What Is Climate Change?

Climate change is the long-term alteration of average weather conditions such as temperature and rainfall. This can happen on a local, regional or global scale.

Human activities are causing climate change by burning fossil fuels (coal, oil and gas) that release greenhouse gases into the atmosphere. These gases trap heat from the sun and warm Earth.

Changes in Temperature

The average temperature of the Earth has gone up about a degree Fahrenheit in the last century. This may not seem like a lot, but it can have big effects on plants and animals.

Climate refers to the long-term regional or global average of temperature, humidity and rainfall patterns over seasons, years or decades. Weather changes quickly - usually in just a few hours - but climate changes over longer timeframes.

Human-induced climate change is the result of burning fossil fuels, cutting down forests and farming livestock. This causes greenhouse gases to build up in the atmosphere, trapping heat from the sun and warming the earth's surface.

The warming is affecting the natural world and poses a risk to our health. As the temperature increases, more extreme weather events are expected. Those extremes can include heavy rainfall, drought and heat waves. These weather conditions can cause stress and illness, leading to greater mortality in people and other creatures.

Changes in Rainfall

Climate change affects many aspects of human life - from water availability and energy supply to transportation and wildlife. But it also has a direct effect on rainfall.

Precipitation is the movement of water from the atmosphere to the surface and it depends on the patterns of air circulation and ocean flow. It is a critical element of the water cycle.

As the Earth warms, warmer air can hold more water vapour than colder air can. This means that it can rain more frequently and more intensely.

But if there is more evaporation than rainfall, it can lead to drought conditions. This can have a serious impact on human health and ecosystems.

A study shows that the majority of the world's population rely on a predictable rainfall pattern to plan agriculture (rain-fed). If the pattern changes erraticly, food insecurity will result.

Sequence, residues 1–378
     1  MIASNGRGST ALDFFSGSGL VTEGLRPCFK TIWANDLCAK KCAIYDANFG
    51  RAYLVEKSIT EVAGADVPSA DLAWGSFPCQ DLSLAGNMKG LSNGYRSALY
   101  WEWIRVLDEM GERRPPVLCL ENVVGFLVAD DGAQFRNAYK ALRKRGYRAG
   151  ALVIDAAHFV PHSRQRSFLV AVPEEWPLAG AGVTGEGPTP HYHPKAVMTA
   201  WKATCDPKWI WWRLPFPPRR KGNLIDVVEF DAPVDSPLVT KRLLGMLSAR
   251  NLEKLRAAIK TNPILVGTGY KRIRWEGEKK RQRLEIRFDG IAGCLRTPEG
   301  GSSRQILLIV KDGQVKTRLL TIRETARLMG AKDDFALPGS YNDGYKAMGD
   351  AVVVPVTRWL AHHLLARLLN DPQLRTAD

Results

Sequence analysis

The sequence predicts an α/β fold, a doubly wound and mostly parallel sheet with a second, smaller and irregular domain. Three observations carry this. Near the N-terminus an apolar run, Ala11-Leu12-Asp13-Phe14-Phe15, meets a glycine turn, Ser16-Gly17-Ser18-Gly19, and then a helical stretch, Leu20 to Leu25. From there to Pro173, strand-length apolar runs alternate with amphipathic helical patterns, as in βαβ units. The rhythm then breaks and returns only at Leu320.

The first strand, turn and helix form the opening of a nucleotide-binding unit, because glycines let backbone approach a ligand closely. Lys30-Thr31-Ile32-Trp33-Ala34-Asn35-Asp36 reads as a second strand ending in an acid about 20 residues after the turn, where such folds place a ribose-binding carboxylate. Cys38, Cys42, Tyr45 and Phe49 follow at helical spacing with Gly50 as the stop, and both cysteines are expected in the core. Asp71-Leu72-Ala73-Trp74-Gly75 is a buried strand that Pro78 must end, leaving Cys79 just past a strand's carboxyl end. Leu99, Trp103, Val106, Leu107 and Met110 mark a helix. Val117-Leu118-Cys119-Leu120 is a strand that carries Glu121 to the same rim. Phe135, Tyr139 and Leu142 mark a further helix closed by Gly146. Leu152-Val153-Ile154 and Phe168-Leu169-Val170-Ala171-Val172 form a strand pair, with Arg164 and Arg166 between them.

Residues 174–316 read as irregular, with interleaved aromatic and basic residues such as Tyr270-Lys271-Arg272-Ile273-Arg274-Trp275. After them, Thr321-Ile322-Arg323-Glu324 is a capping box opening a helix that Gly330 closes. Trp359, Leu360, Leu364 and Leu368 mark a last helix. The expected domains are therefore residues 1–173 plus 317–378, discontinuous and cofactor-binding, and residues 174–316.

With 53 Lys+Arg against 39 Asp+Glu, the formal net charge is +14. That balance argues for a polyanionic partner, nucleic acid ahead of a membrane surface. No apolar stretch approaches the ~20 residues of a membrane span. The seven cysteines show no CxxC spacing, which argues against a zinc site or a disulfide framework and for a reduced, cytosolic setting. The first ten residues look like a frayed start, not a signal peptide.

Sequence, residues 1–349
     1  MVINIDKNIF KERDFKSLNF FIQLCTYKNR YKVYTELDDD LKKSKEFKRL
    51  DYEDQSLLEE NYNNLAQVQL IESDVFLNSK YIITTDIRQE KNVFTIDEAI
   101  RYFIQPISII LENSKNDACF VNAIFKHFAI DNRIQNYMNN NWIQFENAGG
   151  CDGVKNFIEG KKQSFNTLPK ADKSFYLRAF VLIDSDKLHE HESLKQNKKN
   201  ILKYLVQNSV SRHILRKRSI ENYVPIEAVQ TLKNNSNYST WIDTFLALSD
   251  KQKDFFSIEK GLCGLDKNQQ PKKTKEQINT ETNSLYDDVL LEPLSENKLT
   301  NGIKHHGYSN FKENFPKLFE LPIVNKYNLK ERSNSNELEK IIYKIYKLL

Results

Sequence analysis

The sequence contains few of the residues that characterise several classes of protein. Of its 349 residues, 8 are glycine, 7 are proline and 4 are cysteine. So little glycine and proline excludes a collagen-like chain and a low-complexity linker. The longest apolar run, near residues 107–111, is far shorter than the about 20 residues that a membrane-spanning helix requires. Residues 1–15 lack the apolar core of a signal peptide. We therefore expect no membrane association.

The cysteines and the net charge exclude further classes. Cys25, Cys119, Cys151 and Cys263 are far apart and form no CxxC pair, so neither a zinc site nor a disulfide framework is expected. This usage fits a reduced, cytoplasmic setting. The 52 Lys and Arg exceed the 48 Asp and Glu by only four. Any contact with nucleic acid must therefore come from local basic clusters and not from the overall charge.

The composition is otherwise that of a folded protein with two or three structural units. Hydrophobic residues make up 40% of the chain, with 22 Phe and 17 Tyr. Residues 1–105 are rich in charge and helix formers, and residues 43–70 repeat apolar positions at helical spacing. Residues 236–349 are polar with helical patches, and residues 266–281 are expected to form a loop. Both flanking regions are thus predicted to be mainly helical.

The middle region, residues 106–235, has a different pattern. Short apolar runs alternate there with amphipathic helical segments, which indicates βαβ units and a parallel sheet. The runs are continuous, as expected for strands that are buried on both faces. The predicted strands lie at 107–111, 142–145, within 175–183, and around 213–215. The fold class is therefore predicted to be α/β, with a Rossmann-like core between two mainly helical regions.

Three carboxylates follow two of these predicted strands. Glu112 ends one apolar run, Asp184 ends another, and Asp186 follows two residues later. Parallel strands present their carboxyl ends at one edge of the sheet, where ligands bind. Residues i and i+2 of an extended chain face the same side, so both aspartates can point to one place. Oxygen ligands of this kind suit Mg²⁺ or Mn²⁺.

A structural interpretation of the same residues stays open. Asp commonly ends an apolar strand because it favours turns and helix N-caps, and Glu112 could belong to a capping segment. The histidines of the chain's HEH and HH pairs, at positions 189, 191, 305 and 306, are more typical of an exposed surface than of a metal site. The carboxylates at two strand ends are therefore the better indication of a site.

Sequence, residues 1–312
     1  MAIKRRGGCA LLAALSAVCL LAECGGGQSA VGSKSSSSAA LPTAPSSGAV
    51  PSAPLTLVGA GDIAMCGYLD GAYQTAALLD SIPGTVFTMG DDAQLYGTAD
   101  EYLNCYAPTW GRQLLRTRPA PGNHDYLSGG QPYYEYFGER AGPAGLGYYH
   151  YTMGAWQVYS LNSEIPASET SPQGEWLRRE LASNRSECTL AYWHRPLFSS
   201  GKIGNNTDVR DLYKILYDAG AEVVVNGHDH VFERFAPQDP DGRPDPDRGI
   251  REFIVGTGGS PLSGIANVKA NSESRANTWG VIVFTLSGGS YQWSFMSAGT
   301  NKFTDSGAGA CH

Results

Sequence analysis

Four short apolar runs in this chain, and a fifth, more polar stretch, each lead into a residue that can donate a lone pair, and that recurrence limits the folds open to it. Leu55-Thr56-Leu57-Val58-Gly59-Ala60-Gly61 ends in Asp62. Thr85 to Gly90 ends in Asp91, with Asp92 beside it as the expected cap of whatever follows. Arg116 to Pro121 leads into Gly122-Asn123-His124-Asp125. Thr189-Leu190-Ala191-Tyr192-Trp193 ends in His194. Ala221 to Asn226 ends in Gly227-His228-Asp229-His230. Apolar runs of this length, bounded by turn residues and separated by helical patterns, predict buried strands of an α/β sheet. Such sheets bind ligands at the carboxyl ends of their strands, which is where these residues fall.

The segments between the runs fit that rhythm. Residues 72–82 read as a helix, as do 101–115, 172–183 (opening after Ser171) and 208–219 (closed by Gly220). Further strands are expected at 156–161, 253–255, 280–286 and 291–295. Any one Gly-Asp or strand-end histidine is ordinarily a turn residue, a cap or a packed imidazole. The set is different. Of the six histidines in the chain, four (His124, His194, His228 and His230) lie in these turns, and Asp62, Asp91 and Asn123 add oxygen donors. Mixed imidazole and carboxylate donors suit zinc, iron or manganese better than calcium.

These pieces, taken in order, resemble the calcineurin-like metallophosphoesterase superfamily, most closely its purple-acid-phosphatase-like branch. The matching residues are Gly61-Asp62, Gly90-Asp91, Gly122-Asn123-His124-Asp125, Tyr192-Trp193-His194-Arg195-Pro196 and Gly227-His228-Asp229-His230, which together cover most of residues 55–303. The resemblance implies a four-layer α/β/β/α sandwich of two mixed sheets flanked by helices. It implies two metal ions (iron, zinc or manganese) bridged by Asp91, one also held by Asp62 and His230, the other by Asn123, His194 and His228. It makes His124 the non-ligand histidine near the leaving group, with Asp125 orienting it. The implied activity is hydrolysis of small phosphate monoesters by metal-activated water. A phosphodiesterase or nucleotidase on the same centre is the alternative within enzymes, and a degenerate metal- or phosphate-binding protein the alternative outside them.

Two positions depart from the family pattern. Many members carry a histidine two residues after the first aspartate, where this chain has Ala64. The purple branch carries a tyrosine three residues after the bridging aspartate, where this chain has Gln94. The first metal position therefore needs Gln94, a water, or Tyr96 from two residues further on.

Changes in Ocean Temperature

The ocean covers more than 70% of the Earth’s surface, and it absorbs excess heat and energy from rising levels of greenhouse gas emissions. The warming ocean leads to unprecedented cascading effects such as ice-melting, sea-level rise, marine heatwaves, and ocean acidification.

The top 2,000 meters of the ocean’s water is the warmest, with temperatures that are similar to those in the air. Below that, colder water is found.

Climate change has caused the global average ocean temperature to rise, and it continues to increase. It is causing unprecedented changes in the marine ecosystem, affecting food supplies and economies.

The ocean also absorbed excess carbon dioxide from fossil fuels released into the atmosphere. It has been reducing oxygen in the water, which can be harmful to marine life.

Changes in Sea Levels

Sea levels can rise in two ways: as glaciers and ice sheets melt or expand due to global warming, or when water shifts from land to the ocean. A third, much smaller contributor is a decline in the amount of liquid water on land.

This shift can be caused by groundwater pumping, lakes and reservoirs that empty into the ocean, and rivers that dry out. The combined effects of these changes make coastal flooding worse.

Coastal communities and infrastructure are particularly vulnerable to rising seas, as is a growing number of people living in low-lying coastal areas less than five meters above high tide. These impacts can be devastating, with many islands and coastlines becoming uninhabitable and countless people forced to migrate.